classic otter latrine






fish scales and anal gland goo















in the shadows the torn up ground
is the otter marking area





crabby otter spraint




















crow pellet



North Haven (10/6) biking in the rain . Pulpit Harbor area Belted Kingfisher, Brown Creeper, Palm Warbler, Golden-crowned Kinglet, Downy Woodpecker, Greater Yellowlegs, turkey vulture. Citron Amanita, Tinder Conk, Birch polypore, orange jelly, violet toothed polypore, red-gilled polypore, caecilian grisette, red belted conk, artists conk, otter spraint, mink scat.


 


this wolf spider bit me
Spiders I have crossed paths with more wolf spiders than I can remember in the past. I even got bit by this one while trying to manipulate its stance for a better picture. What an idiot I am messing with spiders! I hardly cried with the bite….














 





Roadside lessons found this head up on North Haven road just past the turbines. Not sure what the story could possibly be here. Silly predator everyone knows the best part of voles is the head!

 






Green snake freshly crushed.

 

Roadside shrews,

 






old frog,

 






old newt

 

voles….complete

 


 

Even freaking woolly bear caterpillars are getting crushed!

 










nice lilac brown bolete








Mushrooms bolete exclusive Lilac-brown Bolete (Tylopilus eximus). We (the royal "we") found a nice little patch of these ty-lo-piles by Folly Pond while in a phone meeting.

cap and pore layers for the lilac brown bolete








They are so thick and meaty and violet. We love them. Enjoy the shots….

nice pores







 
Also….rusty-gilled polypore (Gloeophyllum separium) looking good. I mean, for a mushroom…

 
rusty gilled polypore











Artist’s conk before it completely covers itself with rusty spores…

 

artists conk








A sharp- scaly Pholiota telling us who’s decomposing this log…

sharp-scaly pholiota








Crimped gill decomposing a small branch

crimped gill


 










…. And of course turkey tail has been blooming here for a little while now…..

 
turkey tail





Lobster mushroom so psyched to find these dudes again this year. Its the mold that changes this russula from an edible white mushroom into "a choice edible orange mass of bliss". Leif and I picked these thinking we were going to feast, but something about the texture and look made us decide to appreciate with our eyes and not with our tummies.
lobster mushrooms









Finding these down the road inspired a new super hero though lobster man. His catch phrase is "Ive got mold baby". And then "just being honest". Lots of potential there!

lobster man super hearo












And even some fresh wolf’s milk slime, so fresh some is pink and some is grey, fun to find them in transition…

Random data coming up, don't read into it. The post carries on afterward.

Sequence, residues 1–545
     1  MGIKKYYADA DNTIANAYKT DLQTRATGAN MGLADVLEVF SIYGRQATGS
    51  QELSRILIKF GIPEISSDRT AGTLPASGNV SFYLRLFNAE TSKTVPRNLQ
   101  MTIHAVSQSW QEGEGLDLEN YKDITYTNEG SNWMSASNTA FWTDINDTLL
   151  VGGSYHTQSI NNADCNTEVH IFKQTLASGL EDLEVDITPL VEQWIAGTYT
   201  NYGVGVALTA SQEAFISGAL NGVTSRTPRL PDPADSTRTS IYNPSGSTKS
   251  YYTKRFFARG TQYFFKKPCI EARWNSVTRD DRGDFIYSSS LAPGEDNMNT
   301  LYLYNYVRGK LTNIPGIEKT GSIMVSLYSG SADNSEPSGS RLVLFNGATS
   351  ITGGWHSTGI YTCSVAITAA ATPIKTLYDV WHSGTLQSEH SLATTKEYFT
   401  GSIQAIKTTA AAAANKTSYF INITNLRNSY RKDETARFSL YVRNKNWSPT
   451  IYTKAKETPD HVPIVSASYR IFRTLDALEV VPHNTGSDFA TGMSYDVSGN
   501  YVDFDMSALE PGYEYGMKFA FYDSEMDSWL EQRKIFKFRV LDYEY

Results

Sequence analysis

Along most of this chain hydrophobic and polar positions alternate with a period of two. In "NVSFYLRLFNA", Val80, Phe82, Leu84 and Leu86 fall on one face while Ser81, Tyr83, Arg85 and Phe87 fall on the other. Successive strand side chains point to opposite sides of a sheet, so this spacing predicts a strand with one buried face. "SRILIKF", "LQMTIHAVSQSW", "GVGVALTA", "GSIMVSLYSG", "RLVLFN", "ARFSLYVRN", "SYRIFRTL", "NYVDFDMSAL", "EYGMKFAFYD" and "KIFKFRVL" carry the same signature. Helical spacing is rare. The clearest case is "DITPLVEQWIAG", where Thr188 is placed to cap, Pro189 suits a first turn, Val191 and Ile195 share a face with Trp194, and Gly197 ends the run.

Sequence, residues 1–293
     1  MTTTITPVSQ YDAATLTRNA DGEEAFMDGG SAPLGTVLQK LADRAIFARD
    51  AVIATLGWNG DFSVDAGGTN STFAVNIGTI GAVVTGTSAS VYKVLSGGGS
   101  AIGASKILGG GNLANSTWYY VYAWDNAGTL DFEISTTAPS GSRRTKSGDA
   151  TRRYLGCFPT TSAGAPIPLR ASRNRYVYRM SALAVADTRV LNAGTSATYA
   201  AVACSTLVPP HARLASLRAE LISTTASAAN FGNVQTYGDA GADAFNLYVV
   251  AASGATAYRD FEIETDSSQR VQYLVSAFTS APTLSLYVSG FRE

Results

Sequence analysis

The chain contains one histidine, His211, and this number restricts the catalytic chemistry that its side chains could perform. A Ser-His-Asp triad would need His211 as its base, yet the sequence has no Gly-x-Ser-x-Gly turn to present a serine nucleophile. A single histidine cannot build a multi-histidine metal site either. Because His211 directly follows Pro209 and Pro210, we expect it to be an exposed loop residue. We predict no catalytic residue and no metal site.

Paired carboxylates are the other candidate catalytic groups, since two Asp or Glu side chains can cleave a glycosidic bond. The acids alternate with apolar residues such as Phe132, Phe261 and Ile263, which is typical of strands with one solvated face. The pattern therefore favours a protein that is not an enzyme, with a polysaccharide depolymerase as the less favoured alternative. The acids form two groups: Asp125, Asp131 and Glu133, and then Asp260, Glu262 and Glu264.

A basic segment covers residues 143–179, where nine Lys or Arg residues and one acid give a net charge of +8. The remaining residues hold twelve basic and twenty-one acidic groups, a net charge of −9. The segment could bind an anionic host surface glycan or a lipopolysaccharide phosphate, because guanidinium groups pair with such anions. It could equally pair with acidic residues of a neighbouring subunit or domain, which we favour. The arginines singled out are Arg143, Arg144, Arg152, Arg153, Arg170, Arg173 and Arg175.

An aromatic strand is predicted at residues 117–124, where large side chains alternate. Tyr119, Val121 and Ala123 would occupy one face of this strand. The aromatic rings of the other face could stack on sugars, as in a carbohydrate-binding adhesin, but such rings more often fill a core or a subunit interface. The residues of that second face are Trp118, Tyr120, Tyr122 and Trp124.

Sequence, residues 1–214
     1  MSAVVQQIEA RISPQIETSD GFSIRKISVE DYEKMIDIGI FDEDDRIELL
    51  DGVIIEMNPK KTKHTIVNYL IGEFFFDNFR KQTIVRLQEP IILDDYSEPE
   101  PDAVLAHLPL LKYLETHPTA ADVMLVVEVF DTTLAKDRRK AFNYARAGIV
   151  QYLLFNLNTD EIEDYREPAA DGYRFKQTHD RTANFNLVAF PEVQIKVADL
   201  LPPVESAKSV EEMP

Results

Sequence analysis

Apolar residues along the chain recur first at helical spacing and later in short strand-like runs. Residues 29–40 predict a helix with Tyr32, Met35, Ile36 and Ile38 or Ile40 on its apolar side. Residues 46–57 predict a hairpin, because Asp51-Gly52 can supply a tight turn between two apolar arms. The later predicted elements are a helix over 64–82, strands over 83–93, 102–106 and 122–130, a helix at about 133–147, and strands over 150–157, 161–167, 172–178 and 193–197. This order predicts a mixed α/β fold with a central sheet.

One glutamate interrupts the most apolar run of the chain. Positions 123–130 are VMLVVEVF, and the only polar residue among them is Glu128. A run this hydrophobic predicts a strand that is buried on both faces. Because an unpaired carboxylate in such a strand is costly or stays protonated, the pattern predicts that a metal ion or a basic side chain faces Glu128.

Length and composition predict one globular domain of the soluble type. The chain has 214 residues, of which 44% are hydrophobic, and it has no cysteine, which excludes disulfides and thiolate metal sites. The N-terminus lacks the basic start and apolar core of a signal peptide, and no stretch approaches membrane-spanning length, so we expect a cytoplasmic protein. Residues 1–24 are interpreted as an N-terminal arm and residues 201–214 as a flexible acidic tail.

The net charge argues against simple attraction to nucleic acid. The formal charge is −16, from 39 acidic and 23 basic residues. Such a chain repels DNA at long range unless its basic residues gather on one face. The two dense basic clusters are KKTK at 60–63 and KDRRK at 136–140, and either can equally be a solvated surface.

wolfs milk slime in transition






shaggy mane


 









group of shaggy manes








On the mainland 10/26 a day after an impressive (am I impressed too easily? I dont think so, but sometimes I wonder) 2 inches of rain the day before Shaggy Manes popped up in several yards in St George and other areas. One yard on 131 had to have had at least three hundred (conservation estimate as always) in it thanks to Steve Barnes (good man. He’s a library guy, need I say more) for the hot tip on that yard. The ones I watched in my neighbor’s yard were just a small handful. Here are some shots. I wrote a dragon column about them and will pass the link along when it is posted.

lake megunticook otter tracks


 

 

Paddlin’ megunticook to fernalds neck. (10/16) Common Loon, Moose tracks, Otter tracks, Great Horned Owl pellet.

 

Had to go back to Megunitcook Lake (pond?) to retrieve a water bottle that had been left over the weekend during a cub scout exploration. Got to explore by myself this day, I never have a problem with that.

 
moose track



Pretty stoked on these moose tracks. Somewhat fresh and just impressively large. Otter tracks mixed in with the moose tracks thru a wetlands close to the picnic tables at the tip of the neck (that didn’t come out right). It was an otter sign hunt that turned into a small stretch of moose tracking. Quick search under the big ol’ white pines turned up this sizable pellet. The scat associated with the pellet was owl (for the umpteenth time, owls don’t lift their tails when they scat so their scat is more of a splat than a "2-6 foot line of bliss" as no one calls an eagles scat). Anyway, great horned would be my guess. The rodent skull is larger than any other rodent skull I have found in a pellet before, which got me figuring muskrat. Since then my hopes have turned to the possibility of the skull being from a red squirrel. I have never found a squirrel skull in a pellet before, and if this is the case it gives me hope for the world. I won’t know until I dissect it with the scouts this week. We’ll keep you posted!

sizable great horned owl pellet

moose trail





















 

More praying mantises not sure what the deal-ee-oo is but I have now seen 6 mantiseses which is more than I have ever seen before. I even had a neighbors little girl tell me about finding one at school. Is it location? Are folks seeing many mantis this year? Silence does not necessarily mean none are being seen. Just none reported. Have you heard fourth hand rumors about a stranger seeing mantis on island? if so we are interested in the info!

 

















And of course there is Leif camping, paddling, and getting into that Halloween spirit.

 































Hope everyone has a safe and fun Halloween. For the first time in 8 years we will have trick or treaters this year! Location, location, location!

 

Enjoy and see you out there!